Big Fish, Little Fish: In the Foundation-Nonprofit Relationship, Does Size Matter?

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In the nonprofit ocean, there are big fish and little fish. The biggest fish are typically well-capitalized foundations. The little fish are small-budget nonprofits. There is a vast social asymmetry between most private foundations and public charities. According to information drawn from the IRS Exempt Organizations Business Master File (available through the “NCCS All Registered Nonprofits Table Wizard” of the Urban Institute), public charities are predominantly very small. Two-thirds of public charities that filed 990s have assets of less than $100,000; three-fourths have assets below $250,000. Similar proportions of public charities have total revenues below $100,000 and below $250,000.

Imagine the feelings of difference—almost culture shock—between the overwhelmingly tiny organizations comprising the nonprofit sector and the more massive denizens of American philanthropy. Many large foundations possess features that most nonprofits can only dream about (with difficulty): comparatively hefty salaries with no danger of missed payrolls, comfortable offices (often with panoramic views), even the presence of support staff.

But are all foundations alike? Does a typical nonprofit CEO emerge from a meeting at the offices of a small, local foundation feeling bedazzled as if having visited the awe-inspiring headquarters of the Ford Foundation (its atrium a world-famous jungle of trees and plants and the building an architectural temple to philanthropy) or the James Irvine Foundation, with its breathtaking views of San Francisco Bay?

Or are small family foundations a lot more like a small nonprofit itself, except that one gives funding while the other asks for it? Are the really small small foundations—those with zero, one, or two staff people—more like their nonprofit supplicants and less like their nominal foundation peers? A look at CEO and other staff composition and compensation may provide answers.

By comparing the recently released Council on Foundations’ (COF) 2011 Grantmakers Salary and Benefits Report and the 2011 Foundations Operations and Management Report of the Association of Small Foundations (ASF), we can explore some of the differences between the “big fish” and “little fish” in the world of foundations. To the extent possible, the table below will contrast statistics about the larger foundations in the COF survey with the cross-section of small foundations surveyed by the Association of Small Foundations, using the asset level of roughly $50 million as the dividing line between the big fish presented in the COF analysis and the little fish in the ASF report.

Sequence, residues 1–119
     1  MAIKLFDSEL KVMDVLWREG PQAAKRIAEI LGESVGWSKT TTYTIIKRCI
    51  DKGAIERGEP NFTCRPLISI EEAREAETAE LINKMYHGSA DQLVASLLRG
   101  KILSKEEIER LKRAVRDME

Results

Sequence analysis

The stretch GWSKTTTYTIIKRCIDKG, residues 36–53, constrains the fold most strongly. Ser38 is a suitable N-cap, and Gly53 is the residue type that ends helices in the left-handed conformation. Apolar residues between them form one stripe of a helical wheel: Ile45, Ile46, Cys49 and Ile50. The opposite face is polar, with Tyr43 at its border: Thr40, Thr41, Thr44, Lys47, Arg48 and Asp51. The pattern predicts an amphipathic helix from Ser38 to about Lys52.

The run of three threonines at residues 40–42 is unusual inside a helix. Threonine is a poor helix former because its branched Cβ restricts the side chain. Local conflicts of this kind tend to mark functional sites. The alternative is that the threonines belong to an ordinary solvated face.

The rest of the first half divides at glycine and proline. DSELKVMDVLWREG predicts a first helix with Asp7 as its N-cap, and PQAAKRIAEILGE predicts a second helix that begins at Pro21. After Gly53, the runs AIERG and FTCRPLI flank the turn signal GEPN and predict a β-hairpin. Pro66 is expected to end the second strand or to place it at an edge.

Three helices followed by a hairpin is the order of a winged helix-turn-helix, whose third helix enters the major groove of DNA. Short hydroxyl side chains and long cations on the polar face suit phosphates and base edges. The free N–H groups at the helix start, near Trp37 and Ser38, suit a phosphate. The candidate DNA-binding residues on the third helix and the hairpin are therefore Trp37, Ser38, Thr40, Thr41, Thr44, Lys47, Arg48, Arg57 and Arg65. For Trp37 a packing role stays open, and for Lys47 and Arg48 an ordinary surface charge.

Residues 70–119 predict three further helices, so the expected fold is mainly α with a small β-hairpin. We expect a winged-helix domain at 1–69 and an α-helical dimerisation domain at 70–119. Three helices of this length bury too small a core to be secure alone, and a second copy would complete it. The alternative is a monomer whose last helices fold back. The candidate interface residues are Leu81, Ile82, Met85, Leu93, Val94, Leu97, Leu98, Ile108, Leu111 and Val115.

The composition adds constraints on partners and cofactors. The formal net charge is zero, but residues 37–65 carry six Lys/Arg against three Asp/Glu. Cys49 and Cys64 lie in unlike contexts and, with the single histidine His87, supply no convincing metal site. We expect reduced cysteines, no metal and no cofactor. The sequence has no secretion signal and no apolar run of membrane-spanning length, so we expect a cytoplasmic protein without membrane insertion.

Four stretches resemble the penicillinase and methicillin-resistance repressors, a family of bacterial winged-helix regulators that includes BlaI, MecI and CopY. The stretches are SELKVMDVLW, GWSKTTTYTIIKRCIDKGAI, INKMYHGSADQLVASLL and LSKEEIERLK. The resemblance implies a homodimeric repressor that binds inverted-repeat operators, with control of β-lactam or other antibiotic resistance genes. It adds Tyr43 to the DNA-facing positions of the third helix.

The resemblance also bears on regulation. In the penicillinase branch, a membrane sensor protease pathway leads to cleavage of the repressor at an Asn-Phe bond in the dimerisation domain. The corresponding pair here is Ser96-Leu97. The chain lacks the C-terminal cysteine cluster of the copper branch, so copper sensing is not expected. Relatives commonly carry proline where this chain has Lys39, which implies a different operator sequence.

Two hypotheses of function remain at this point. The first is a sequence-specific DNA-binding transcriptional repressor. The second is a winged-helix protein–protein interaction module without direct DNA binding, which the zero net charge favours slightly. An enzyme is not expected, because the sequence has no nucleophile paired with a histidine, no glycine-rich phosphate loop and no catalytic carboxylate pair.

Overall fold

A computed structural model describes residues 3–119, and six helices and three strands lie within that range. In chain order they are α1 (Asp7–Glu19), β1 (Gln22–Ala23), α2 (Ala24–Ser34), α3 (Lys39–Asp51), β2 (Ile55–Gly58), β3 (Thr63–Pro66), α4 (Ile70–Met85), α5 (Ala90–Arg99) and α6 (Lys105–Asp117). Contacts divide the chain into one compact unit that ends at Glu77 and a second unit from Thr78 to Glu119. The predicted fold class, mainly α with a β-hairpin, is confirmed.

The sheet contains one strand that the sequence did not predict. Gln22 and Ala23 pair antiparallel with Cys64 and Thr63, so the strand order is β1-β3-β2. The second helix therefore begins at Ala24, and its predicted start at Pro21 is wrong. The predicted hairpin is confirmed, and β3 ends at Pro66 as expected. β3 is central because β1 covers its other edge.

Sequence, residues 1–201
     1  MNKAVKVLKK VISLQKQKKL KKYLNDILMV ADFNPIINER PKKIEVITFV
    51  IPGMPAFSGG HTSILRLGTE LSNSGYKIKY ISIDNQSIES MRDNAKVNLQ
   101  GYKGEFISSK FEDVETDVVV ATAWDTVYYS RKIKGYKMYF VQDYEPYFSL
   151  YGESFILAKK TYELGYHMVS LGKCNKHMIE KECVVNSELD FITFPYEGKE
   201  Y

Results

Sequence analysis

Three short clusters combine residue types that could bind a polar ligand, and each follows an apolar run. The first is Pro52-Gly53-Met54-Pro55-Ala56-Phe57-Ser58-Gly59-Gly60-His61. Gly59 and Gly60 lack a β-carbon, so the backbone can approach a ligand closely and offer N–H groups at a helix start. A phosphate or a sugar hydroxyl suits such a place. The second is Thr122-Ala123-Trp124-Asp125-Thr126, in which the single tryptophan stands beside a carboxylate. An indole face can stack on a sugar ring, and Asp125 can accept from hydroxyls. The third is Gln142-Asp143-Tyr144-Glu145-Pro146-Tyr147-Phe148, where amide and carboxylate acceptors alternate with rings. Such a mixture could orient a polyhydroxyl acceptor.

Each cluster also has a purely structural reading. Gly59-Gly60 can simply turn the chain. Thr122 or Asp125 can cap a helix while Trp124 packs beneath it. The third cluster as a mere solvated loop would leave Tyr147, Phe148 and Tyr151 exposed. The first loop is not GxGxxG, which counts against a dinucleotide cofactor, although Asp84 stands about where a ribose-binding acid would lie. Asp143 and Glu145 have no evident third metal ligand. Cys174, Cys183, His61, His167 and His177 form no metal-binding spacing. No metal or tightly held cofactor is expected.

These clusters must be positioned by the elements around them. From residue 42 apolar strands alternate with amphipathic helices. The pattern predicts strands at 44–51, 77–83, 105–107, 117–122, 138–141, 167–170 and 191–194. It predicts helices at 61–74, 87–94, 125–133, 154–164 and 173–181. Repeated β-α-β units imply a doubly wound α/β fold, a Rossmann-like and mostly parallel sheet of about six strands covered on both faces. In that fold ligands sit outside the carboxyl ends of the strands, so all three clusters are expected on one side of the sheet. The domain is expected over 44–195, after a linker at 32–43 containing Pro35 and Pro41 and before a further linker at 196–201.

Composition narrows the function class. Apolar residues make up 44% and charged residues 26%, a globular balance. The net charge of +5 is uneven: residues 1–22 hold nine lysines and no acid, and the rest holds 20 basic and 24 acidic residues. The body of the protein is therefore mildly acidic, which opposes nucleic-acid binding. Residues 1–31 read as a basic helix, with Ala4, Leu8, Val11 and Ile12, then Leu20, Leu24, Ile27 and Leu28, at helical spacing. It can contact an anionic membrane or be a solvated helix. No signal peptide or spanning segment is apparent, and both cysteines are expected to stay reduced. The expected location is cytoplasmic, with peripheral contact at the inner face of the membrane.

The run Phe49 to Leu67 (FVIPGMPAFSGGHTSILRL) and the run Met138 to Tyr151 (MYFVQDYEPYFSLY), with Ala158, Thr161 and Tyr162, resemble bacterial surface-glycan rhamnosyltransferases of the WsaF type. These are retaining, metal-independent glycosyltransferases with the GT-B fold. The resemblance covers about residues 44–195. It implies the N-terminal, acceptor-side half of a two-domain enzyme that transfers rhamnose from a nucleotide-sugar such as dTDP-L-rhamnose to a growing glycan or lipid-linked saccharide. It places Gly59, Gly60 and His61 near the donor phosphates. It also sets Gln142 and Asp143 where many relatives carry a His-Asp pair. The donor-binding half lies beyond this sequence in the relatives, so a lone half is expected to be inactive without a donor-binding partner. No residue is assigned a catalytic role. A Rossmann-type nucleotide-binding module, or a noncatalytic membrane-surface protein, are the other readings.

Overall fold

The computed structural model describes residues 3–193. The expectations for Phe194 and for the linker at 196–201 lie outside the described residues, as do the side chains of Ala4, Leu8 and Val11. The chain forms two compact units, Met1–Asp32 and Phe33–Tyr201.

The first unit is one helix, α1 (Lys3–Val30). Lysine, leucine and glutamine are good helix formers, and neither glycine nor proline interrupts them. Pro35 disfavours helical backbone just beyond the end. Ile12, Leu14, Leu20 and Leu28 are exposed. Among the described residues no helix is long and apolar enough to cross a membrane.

Why the $50 million dividing line in this analysis? In a Foundation Center data table on foundation staffing by foundation asset size, foundations with assets of up to $50 million showed a median staff level two staff people. Typically, membership in the Association of Small Foundations is limited to foundations with zero, one, or two staff members. Therefore, for the convenience of determining the sizes of foundation “fish,” we hewed to the idea of $50 million as the approximate boundary of big and little, with ASF statistics reliably reporting on the little fish and COF statistics providing the information for the larger fish. 

Here is our profile of salient characteristics of philanthropic big fish and philanthropic little fish:

 

 

Big Fish Private Foundations

Little Fish Foundations (88 percent private foundations in ASF survey)

 

Source:  COF

Source: ASF

Median CEO/president salary

Asset size

 

Asset size

 

$500m+

$446,500

$50m+

$154,525

$250m-$499.9m

$310,000

$25m-$49.9m

$112,000

$100m-$249.9m

$215,000

$10m-$24.9m

$87,000

$50m-$99.9m

$170,442

$5m-$9.9m

$78,039

 

 

$1m-$4.9m

$48,300

 

Source: COF

Source:  ASF

Median salary for program officer (Big Fish) and professional/grantmaking staff (Little Fish)

$500m+